medwireNews: The selective sodium-glucose cotransporter (SGLT)2 inhibitor bexagliflozin significantly lowers glycated hemoglobin (HbA1c), weight, and blood pressure relative to placebo in people with type 2 diabetes at high risk for cardiovascular (CV) events, phase 3 study findings show.
The data, presented at the virtual ADA 80th Scientific Sessions, also showed that the drug was noninferior to placebo when considering the composite CV safety endpoint of major CV events (CV death, myocardial infarction, stroke) plus unstable angina, which occurred in 7.9% of patients on bexagliflozin and 10.1% of those on placebo.
The international BEST study included 1700 individuals (30% women) with type 2 diabetes who were aged 40 years and older (mean 64 years), with an HbA1c of 7.5–11.0% and an estimated glomerular filtration rate of at least 45 mL/min per 1.73 m2.
The patients were divided into those with established atherosclerotic vascular disease (63%), those with a history of heart failure (HF; 14%), and those aged 55 years and older with at least two other CV risk factors (23%), and were then randomly assigned on a 2:1 basis to receive bexagliflozin 20 mg once daily or placebo.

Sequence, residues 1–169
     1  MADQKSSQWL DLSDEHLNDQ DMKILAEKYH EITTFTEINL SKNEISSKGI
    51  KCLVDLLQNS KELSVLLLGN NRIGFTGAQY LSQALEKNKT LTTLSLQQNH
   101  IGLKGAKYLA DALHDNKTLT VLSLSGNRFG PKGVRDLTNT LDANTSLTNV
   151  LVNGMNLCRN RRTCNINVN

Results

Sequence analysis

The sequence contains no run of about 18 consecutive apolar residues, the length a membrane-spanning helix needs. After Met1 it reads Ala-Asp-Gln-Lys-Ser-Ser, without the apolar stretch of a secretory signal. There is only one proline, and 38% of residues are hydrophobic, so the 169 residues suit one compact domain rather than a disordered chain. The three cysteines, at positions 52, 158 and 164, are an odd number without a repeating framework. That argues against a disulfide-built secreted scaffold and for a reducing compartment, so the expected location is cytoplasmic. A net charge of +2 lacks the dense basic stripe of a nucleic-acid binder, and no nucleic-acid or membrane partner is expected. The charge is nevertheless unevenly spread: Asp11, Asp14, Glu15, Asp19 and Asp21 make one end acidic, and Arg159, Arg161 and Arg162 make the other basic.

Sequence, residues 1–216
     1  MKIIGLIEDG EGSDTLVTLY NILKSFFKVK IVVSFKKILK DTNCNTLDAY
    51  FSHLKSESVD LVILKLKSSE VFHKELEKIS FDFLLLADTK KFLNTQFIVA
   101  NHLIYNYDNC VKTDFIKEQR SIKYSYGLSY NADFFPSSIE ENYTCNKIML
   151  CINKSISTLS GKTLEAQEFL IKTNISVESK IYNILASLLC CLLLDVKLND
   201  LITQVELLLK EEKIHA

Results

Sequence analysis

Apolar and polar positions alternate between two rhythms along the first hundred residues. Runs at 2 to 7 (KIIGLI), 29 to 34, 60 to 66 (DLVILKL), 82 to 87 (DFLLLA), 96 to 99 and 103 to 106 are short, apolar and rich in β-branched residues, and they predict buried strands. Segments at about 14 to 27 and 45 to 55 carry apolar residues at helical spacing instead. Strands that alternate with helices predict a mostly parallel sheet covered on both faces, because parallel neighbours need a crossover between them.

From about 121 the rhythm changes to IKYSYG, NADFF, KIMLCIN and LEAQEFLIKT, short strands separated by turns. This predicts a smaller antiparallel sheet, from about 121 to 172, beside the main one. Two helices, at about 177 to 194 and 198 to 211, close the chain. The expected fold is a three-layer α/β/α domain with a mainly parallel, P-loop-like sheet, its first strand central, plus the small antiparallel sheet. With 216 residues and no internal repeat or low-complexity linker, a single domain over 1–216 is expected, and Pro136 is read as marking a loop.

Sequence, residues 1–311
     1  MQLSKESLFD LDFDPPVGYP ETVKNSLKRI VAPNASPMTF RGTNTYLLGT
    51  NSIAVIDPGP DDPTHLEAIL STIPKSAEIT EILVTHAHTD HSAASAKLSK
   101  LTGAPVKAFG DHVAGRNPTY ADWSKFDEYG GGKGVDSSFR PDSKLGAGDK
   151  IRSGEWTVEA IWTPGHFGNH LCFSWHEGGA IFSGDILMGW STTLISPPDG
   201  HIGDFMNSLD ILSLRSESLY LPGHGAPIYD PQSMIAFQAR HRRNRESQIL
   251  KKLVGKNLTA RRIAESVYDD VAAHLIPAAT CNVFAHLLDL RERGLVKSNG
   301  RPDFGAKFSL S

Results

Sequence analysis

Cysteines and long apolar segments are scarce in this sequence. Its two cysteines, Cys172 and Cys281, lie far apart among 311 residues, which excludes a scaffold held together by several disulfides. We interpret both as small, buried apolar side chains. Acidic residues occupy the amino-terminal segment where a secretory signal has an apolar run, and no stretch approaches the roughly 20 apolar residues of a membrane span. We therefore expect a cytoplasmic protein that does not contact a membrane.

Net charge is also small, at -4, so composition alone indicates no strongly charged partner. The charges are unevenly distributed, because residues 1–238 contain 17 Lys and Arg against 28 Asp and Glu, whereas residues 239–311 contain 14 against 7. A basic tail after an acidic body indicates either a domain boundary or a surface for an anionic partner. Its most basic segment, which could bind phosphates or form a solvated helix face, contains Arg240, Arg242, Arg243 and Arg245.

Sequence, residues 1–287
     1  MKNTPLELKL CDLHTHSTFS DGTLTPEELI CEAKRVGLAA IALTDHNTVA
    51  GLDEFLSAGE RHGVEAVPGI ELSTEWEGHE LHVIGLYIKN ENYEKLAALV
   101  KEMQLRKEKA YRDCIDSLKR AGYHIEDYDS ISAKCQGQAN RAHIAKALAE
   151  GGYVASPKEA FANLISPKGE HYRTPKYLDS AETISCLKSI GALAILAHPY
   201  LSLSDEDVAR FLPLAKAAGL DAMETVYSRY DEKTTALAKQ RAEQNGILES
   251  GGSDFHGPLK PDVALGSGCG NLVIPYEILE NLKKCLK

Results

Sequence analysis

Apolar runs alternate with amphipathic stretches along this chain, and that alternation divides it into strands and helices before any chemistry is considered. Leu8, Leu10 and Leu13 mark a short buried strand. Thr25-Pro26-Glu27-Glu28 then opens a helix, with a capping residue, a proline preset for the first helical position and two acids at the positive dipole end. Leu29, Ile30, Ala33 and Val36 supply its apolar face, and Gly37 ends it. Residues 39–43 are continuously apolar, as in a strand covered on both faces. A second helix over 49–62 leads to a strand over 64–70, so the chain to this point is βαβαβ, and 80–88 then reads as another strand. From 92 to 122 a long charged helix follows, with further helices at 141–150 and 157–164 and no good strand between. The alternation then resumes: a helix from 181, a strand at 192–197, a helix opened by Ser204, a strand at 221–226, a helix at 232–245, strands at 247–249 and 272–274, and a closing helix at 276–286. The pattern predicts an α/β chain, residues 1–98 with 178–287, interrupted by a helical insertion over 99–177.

John McMurray, from the University of Glasgow in the UK, told delegates that after 24 weeks of treatment, HbA1c fell from a mean 8.3% at baseline to 7.4% with bexagliflozin and to 7.9% with placebo, resulting in a “highly statistically significant” difference in the mean reduction from baseline, of 0.48%. This was despite the fact that significantly fewer patients in the bexagliflozin group had rescue glucose-lowering therapy (7.1 vs 19.6%), McMurray pointed out.
Furthermore, the difference between the two groups was apparent from week 6 and persisted up to 3 years, with similar results observed among the subgroup of patients who were receiving insulin at baseline (n=834).
Among the secondary endpoints assessed, bexaglifloxin was associated with significantly greater weight loss at week 48 among participants with a baseline BMI above 25 kg/m2 (n=1378), at 3.0 versus 0.4 kg with placebo, and a significantly greater reduction in systolic blood pressure among those with a baseline level of at least 140 mmHg (n=663), at 9.8 versus 6.9 mmHg.
For time to first hospitalization with HF, bexagliflozin was noninferior to placebo, with a hazard ratio (HR) of 0.63, and despite the small number of events (23 vs 17), McMurray commented that “the effect size is as large as [that] seen in the other SGLT inhibitor trials and you see exactly the same pattern for the composite of cardiovascular death or heart failure hospitalization.”
The study drug was well-tolerated and had a similar adverse event (AE) profile to that of other SGLT2 inhibitors. Serious AEs occurred in 33.0% of people in the bexagliflozin group and 36.7% of those in the placebo group, with treatment discontinuations due to AEs reported in 8.4% and 8.5%, respectively.
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